Sherman Alexie, author of The Absolutely True Diary of a Part-Time Indian (Little, Brown) was honored for being a longtime advocate of free speech and creative expression at the National Coalition Against Censorship’s “Free Speech Matters: Celebration of Free Speech and Its Defenders” annual event in New York City on November 12. Additional honorees recognized for their defense of free speech at the gathering were Newark Public Library director Wilma Grey, and the late Peter Workman, founder of Workman Publishing. Megan Tingley, v-p and publisher of Little, Brown Books for Young Readers, presided as event chair. Here, Alexie addresses the crowd of 200 guests.
A Meeting of Minds
On November 10, the Eric Carle Museum of Picture Book Art in Amherst, Mass., hosted Chris Van Allsburg, who engaged in a public conversation with H. Nichols B. Clark, the museum’s chief curator. Following a Q&A session, Van Allsburg signed copies of the 30th anniversary edition of The Wreck of the Zephyr (HMH). Local Amherst author Aaron Becker attended the event, and, shown here (l.), was thrilled to be able to meet Van Allsburg (r.). The pair discussed some of Becker’s early animation work on The Polar Express movie, and his first children’s book, Journey (Candlewick). Of The Wreck of the Zephyr, Becker said: “Were it not for this book, I don’t believe I would have ever decided to do my own book.”
On November 10, the 300 Committee, which is in charge of open-space preservation in Falmouth, Mass., introduced a new community space, Teaticket Park. A bench in the park, which was donated anonymously, is dedicated to Carol Chittenden, owner of local Eight Cousins Books, and recognizes her work as a bookseller and cofounder of the New England Children’s Booksellers Advisory Council. In keeping with the bookstore’s raison d’être, Chittenden and other employees plan to regularly place books sealed in plastic and with post-it notes saying “Read, Enjoy, and Pass It On” on the bench for passersby to pick up. Shown here, Chittenden takes a moment to admire her bench, where the inaugural giveaways Octavia Spencer’s Randi Rhodes, Ninja Detective: The Case of the Time-Capsule Bandit (S&S), Susan Cooper’s Ghost Hawk (S&S/McElderry), and Oliver Pötzsch’s The Poisoned Pilgrim (HMH/Mariner) – wait to be read.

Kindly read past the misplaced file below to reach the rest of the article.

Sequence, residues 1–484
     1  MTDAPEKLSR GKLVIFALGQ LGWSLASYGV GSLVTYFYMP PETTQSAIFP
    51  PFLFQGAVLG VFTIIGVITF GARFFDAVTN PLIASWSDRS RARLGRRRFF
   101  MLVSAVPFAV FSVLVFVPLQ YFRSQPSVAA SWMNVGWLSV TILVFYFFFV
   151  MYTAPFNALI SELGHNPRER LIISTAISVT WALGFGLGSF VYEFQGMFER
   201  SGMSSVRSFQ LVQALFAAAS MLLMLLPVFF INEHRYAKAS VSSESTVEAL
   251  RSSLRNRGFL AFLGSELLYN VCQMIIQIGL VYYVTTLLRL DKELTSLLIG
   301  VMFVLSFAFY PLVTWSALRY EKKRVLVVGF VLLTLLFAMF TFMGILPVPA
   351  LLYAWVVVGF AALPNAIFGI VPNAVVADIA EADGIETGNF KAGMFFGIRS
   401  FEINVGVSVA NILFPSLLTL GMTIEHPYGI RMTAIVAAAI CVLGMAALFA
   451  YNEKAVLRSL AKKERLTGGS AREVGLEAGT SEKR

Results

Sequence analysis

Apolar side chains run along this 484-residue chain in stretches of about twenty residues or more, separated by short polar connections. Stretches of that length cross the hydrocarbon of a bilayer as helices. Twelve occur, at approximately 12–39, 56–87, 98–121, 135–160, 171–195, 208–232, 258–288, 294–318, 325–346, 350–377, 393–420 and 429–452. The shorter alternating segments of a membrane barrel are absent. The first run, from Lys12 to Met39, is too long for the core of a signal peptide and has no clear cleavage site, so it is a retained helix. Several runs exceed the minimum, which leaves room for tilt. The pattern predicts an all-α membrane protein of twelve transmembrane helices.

At the Barnes & Noble in Tribeca on November 9, author and musician Bill Cotter appeared at his first-ever reading for his debut picture book, Don’t Push the Button! (Sourcebooks Jabberwocky). Cotter, shown here, entertained a packed house with a musical performance before reading from the interactive book and signing copies, which quickly sold out. Several members of the audience were Cotter’s former students from the Church Street School for Music and Art, which is located two blocks away from the store.
An Auspicious Launch
Amistad Hall in Farmington, Conn., was a fitting venue for an event celebrating the release of Africa Is My Home: A Child of the Amistad (Candlewick) by Monica Edinger (l.), illustrated by Robert Byrd.. The fictionalized story, inspired by historical events, tells the story of nine-year-old Magulu, who is sold into slavery and taken aboard the ship Amistad, and eventually granted freedom. Many liberated former slaves, including the individual upon whom Magulu’s character is based), were welcomed by abolitionists in Farmington.